Farm groups challenge plans to merge USTR into Commerce
By Sara Wyant
© Copyright Agri-Pulse Communications, Inc.
WASHINGTON, January 18, 2012 -Retiring President Obama's proposal to merge the U.S. Trade Representative and four other independent agencies into a new department that includes business-related components of the Department of Commerce is running into criticism from agricultural and trade interest groups. The proposal came last week when Obama asked for statutory authority, similar to that accorded to President Reagan three decades ago, to propose government reorganization subject to a veto by Congress.
The new department would include not only USTR but also the Small Business Administration, Export-Import Bank, Overseas Private Investment Corporation and Trade and Development Agency along with “business and trade functions” from Commerce. It seems to create an unwieldy arrangement in which three people in the same department would be in the president's cabinet - the trade representative, the SBA administrator and the secretary of the department.
Four agricultural commodity groups were quick to reprise arguments similar to those raised by nearly all Washington-based farm groups and their congressional allies to block a similar proposal by the Reagan Administration in 1982. The National Cattlemen's Beef Association and American Soybean Association both endorsed the idea of improving government efficiency and eliminating wasteful spending but warned of unintended consequences.
“USTR should remain an independent agency within the Executive Office of the President, focusing on trade negotiations, trade agreements and trade enforcement,” NCBA said. “By being an independent office within the White House, USTR serves an important role reducing trade barriers and advocating for free and fair trade for all sectors of the U.S. economy.” USTR's effectiveness could be jeopardized if it is wrapped into Commerce, NCBA argued.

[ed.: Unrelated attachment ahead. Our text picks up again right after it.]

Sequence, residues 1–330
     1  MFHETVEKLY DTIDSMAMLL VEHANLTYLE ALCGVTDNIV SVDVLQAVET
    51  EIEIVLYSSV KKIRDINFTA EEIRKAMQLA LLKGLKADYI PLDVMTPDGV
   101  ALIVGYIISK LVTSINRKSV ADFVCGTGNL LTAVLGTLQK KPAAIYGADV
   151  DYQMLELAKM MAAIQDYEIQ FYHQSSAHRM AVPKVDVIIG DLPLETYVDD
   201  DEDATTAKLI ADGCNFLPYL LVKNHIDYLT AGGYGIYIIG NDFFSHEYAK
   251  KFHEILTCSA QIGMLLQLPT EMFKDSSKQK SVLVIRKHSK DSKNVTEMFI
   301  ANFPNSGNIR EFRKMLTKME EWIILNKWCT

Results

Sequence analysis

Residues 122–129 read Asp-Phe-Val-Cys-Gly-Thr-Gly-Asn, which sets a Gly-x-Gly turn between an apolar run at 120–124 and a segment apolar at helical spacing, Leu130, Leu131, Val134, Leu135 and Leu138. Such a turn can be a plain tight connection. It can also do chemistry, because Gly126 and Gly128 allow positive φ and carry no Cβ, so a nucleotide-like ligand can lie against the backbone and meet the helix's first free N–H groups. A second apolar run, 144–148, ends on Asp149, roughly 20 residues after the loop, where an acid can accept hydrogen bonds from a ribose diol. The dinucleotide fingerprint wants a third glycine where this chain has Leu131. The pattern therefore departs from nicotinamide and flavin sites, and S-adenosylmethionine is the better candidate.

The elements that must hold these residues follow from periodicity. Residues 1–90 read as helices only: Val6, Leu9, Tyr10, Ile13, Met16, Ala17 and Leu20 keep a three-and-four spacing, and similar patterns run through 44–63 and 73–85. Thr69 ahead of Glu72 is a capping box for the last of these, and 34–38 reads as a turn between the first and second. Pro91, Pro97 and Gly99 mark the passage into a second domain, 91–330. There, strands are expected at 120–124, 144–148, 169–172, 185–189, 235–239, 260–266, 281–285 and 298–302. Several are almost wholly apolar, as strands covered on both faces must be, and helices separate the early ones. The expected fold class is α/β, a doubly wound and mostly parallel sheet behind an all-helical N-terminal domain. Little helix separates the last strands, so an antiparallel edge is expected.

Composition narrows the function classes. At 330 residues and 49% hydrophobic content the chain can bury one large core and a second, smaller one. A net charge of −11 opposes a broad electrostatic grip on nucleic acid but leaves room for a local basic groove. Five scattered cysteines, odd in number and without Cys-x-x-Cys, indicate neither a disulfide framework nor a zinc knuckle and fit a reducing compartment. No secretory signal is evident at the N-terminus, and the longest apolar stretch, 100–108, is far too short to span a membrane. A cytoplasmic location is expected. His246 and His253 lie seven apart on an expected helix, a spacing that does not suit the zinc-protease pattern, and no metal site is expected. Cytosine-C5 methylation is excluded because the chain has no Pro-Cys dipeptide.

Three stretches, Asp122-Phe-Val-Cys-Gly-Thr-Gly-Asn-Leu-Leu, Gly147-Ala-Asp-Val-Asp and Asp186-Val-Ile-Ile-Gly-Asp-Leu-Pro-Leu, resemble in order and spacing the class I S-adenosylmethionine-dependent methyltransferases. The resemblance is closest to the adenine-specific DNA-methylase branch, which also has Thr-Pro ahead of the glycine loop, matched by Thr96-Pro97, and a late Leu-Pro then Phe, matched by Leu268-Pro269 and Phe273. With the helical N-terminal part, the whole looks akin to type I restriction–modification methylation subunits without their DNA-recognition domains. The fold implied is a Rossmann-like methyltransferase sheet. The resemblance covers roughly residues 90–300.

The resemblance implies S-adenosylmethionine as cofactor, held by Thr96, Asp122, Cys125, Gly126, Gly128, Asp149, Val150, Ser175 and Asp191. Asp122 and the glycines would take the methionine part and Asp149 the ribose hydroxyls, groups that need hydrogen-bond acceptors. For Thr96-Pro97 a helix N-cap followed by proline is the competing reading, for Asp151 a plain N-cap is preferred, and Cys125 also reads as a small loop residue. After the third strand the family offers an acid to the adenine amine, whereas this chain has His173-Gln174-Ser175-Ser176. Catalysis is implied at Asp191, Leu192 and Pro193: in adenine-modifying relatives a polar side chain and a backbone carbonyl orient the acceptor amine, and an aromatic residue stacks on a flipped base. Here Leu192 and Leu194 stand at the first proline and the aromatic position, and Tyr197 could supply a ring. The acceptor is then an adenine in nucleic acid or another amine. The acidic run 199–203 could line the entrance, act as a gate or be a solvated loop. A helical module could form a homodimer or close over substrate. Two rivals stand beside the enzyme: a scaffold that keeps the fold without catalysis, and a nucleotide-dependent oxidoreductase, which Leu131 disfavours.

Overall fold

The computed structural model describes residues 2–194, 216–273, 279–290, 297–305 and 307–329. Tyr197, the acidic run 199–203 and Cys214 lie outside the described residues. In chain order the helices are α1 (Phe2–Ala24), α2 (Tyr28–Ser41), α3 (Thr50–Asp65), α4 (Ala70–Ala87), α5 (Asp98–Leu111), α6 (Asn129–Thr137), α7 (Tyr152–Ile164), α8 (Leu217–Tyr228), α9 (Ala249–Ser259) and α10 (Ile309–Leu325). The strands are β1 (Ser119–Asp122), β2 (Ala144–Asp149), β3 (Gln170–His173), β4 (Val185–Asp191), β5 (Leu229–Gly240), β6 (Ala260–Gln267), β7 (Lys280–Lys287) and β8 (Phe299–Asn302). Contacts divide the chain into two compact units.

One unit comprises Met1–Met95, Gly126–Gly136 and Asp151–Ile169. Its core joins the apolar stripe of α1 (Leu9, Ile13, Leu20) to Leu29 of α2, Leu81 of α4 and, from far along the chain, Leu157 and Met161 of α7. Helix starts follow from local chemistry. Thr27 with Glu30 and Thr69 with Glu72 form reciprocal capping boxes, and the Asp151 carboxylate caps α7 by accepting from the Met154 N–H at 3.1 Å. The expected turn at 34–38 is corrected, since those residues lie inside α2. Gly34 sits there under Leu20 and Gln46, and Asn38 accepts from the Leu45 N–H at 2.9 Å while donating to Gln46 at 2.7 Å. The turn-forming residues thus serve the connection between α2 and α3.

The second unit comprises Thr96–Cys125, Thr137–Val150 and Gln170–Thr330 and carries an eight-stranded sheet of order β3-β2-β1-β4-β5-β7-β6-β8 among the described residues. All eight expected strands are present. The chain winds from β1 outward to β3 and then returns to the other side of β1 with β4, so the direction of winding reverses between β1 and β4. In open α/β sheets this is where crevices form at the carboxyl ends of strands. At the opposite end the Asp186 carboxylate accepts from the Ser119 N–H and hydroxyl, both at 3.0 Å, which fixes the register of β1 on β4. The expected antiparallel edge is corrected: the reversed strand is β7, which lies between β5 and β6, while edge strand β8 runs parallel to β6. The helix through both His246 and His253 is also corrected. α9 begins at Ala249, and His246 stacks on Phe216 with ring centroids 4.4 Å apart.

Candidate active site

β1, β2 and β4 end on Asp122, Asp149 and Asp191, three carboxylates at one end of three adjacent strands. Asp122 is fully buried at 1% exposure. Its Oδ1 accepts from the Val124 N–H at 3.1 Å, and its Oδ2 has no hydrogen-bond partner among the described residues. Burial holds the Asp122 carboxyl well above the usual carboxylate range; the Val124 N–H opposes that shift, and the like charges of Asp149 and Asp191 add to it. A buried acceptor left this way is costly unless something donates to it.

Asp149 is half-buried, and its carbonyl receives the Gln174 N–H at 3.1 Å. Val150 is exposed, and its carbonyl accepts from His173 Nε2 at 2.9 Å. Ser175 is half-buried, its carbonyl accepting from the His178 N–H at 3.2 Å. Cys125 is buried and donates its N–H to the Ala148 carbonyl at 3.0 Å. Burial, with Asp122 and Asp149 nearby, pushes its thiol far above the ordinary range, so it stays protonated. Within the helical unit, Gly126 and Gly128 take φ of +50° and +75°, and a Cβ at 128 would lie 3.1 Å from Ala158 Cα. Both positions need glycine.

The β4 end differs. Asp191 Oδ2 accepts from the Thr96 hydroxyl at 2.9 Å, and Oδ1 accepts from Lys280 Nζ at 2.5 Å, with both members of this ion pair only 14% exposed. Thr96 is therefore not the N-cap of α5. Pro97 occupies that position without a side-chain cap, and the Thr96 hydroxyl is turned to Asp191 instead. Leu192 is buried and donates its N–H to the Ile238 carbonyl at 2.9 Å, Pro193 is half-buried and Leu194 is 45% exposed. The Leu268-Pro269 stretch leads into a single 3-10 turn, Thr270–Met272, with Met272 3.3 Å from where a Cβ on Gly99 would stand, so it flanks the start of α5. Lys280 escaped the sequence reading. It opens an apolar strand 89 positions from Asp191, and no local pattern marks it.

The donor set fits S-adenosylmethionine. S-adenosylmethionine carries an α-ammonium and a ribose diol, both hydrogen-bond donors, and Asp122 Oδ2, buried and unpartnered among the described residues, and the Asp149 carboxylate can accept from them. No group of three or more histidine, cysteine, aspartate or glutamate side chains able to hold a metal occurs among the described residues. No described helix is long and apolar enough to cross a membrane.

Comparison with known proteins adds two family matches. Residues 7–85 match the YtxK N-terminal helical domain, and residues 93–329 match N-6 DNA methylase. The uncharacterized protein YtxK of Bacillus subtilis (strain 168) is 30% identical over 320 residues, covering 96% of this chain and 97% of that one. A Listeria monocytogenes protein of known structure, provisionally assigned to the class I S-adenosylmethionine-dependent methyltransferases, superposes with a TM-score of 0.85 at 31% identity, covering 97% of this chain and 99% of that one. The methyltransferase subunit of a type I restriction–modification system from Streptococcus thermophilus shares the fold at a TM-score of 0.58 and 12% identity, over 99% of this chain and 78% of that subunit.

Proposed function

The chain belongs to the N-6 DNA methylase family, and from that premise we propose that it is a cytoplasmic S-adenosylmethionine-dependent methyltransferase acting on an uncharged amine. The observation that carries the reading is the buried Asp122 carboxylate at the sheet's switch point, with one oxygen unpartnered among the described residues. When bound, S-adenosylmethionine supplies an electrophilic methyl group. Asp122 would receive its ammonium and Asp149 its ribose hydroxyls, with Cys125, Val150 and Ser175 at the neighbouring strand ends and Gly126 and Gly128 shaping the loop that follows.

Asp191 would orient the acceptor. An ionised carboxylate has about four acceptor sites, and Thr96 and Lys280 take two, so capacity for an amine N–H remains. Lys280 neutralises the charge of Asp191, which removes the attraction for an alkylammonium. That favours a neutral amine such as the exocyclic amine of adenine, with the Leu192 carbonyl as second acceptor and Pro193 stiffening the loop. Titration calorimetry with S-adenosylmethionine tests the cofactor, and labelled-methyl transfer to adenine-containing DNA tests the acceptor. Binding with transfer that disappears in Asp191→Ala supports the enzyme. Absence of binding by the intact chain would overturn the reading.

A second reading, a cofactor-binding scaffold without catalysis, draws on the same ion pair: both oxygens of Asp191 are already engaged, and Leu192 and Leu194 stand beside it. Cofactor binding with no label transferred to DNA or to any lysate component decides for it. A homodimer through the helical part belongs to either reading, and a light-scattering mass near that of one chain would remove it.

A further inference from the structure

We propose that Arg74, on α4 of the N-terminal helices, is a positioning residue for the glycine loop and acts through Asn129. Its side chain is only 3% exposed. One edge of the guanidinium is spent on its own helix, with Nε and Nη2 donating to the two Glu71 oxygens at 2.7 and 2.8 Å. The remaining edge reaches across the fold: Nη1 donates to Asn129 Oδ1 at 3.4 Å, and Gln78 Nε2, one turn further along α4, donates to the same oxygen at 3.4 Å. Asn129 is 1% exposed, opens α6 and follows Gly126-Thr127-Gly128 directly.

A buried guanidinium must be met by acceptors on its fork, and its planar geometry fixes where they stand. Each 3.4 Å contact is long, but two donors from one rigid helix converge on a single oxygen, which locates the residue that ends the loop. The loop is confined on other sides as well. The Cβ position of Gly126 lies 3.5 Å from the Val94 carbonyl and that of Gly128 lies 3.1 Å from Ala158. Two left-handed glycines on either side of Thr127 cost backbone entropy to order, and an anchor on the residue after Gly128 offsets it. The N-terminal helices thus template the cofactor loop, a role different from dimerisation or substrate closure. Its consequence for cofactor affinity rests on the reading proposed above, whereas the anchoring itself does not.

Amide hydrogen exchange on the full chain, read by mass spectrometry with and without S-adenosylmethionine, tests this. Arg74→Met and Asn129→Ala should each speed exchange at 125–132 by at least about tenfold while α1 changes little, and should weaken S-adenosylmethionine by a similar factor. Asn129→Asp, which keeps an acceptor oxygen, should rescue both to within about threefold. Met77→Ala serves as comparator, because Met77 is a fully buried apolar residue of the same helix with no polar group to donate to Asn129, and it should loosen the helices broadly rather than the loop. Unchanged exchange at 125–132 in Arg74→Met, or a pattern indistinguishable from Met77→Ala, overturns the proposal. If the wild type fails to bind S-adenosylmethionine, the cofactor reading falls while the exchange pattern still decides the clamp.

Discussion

As an independent office reporting to the president, ASA said, “USTR serves a critical function in supporting and balancing the divergent trade interests of each sector of the U.S. economy.” To fold USTR into “a massive Department of Commerce or Industry structure would significantly weaken the coordination role played by USTR on trade interests across sectors, and the work on agricultural trade opportunities and barriers would be diminished.”
They were followed yesterday by the U.S. Dairy Export Council and National Milk Producers Federation with the observation that such a merger “could detrimentally affect U.S. ability to effectively negotiate and enforce trade agreements.” The dairy groups agreed with other features of the reorganization but said they oppose inclusion of USTR. NMPF said that “USTR's unique role in trade negotiations and its superb level of openness to input from the public would be greatly harmed by submerging this agency within a larger bureaucracy.”
The National Foreign Trade Council and the Coalition for Employment through Exports offered a similar dissent. “Congress has historically been reluctant to combine USTR with other functions, preferring to have our chief trade negotiator concentrate on negotiating rather than be burdened with broader programmatic responsibilities,” NFTC said.
In addition to trade, Obama suggested Friday in a talk to small business leaders that he might propose food safety and housing agency mergers likely to stir controversy. “There are five different entities dealing with housing,” he said. “There are more than a dozen agencies dealing with food safety . . . No business or nonprofit leader would allow this kind of duplication or unnecessary complexity in their operations. You wouldn't do it when you're thinking about your businesses. So why is it okay for our government? It's not. It has to change.”
Original story printed in January 18, 2012 Agri-Pulse Newsletter.
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